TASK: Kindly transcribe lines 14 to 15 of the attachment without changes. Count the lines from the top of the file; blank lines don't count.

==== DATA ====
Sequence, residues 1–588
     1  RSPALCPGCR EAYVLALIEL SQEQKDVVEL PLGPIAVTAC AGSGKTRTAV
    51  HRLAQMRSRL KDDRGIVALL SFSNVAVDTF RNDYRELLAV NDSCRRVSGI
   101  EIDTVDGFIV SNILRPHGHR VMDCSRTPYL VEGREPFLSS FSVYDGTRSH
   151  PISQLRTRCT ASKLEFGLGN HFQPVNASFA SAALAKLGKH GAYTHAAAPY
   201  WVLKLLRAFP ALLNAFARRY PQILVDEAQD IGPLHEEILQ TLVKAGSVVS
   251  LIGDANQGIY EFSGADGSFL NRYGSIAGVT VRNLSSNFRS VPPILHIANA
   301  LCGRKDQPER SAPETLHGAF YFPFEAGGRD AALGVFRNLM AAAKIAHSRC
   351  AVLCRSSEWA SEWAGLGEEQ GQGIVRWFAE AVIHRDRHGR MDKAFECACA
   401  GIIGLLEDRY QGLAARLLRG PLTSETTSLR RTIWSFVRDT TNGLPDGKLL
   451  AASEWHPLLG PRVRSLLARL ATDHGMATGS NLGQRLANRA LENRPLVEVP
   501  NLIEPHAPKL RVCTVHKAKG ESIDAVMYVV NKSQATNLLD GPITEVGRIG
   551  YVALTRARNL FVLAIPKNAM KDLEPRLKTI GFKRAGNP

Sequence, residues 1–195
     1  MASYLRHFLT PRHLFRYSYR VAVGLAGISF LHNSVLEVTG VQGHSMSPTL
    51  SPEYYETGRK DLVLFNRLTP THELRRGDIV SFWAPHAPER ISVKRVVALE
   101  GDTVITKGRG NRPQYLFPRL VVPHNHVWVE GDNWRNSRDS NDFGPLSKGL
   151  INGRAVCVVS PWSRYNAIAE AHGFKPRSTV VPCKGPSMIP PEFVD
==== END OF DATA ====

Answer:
Sequence, residues 1–195
     1  MASYLRHFLT PRHLFRYSYR VAVGLAGISF LHNSVLEVTG VQGHSMSPTL